John Foster Dulles: The Road to Power
He was the living symbol of the cold war: dour, grim, narrow lips perpetually turned down in a scowl, eyes bulging fishlike and impassive from behind wire-rimmed glasses. His life seemed to be spent getting in and out of airplanes, tirelessly circumnavigating the globe in pursuit of the international communist conspiracy. One never saw a photo of him smiling, let alone playing tennis. Compared to Stalin, who always managed to kiss a few babies for the cameras while building his gulags, he seemed a pitiless avenger, talking of “agonizing reappraisals” and “massive retaliation.” Mention his name and what comes to mind? A Puritan redeemer brandishing the Bomb in the name of a higher morality.
Time has been no kinder to John Foster Dulles than were many of his contemporaries. His years as Dwight Eisenhower’s secretary of state seem a period of rigid posturing, lost opportunities, and close calls. He signed up avaricious foreign politicians and called them allies, muffed a possible chance to work out a deal in Central Europe with Stalin’s successors, and nearly got us into France’s war in Indochina. This is the man most of us remember, and the one captured with such merciless intensity nine years ago in Townsend Hoopes’s pointedly titled The Devil and John Foster Dulles: a maniacal moralizer, a narrow-minded legalist, a cowardly accomplice of McCarthy, and an intellectually rigid ideologue.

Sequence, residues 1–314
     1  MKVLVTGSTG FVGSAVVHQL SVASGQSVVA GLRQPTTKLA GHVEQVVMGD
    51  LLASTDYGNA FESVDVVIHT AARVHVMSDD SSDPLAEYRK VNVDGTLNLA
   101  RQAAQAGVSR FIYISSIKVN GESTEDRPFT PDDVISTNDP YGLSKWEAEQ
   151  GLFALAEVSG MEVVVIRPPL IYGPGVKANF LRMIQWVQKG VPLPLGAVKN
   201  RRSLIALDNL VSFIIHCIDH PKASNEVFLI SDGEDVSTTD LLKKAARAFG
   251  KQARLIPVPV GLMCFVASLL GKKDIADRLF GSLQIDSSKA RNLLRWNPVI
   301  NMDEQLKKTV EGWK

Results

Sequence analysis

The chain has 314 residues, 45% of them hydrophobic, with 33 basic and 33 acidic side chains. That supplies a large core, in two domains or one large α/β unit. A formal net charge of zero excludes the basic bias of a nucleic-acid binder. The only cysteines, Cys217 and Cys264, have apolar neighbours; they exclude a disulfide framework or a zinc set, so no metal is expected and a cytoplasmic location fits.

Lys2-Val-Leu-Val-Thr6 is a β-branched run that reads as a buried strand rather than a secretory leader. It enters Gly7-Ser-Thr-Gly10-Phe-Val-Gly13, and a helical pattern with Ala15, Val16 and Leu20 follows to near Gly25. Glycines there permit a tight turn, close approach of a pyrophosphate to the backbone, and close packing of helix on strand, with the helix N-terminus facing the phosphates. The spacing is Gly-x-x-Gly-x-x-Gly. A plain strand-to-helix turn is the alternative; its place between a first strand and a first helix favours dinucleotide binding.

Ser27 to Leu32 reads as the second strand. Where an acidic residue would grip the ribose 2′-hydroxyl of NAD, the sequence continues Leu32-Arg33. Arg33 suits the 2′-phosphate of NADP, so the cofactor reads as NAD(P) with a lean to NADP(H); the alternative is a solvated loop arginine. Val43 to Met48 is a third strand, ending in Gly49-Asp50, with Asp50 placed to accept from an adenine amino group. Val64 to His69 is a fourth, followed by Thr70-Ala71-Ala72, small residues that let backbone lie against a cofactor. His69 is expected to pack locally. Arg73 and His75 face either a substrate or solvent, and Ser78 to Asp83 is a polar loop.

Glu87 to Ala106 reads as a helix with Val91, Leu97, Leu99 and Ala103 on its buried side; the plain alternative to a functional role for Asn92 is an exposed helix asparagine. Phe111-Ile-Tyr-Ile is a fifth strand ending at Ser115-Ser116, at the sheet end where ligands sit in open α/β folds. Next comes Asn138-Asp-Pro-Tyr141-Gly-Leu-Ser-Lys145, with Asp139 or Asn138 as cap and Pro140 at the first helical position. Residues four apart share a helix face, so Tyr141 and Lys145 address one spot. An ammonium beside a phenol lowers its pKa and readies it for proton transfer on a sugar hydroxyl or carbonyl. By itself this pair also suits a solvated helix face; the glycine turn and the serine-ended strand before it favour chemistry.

But time is the reviser of all things, particularly of historical judgments, and in Ronald Pruessen’s long study we have a rather different Dulles: more subtle, more complex, and considerably more devious. He is also the Dulles about whom little is known and even less recollected, for this volume—the first of two, or perhaps even more—concentrates on the years before he became secretary of state in 1953. This is an excessive amount of space—575 pages—to devote to a prelude. The author would have been well advised to do the entire life in one volume. Pruessen, a historian at the University of Toronto, drags out his tale with excessive thoroughness. But those with patience, an inordinate interest in the subject, and an indifference to repetition will be well rewarded. The author has mastered an impressive amount of material, eschewed facile judgments, and maintained a respect for his subject despite what seems a clear difference of views.
What emerges is not so much a biography—that is, the life, inner as well as outer, of a human being—as an intellectual analysis of considerable skill. Whether or not Dulles was interesting as a human being, one will probably never know, and certainly not from this book. His life seems to have been stultifyingly pedestrian, although there were no doubt a number of personal dramas along the way that we are not told about. As a public man he seemed cut from the right cloth: his father was a worldly vicar in upstate New York, his mother the well-traveled daughter of a former secretary of state …
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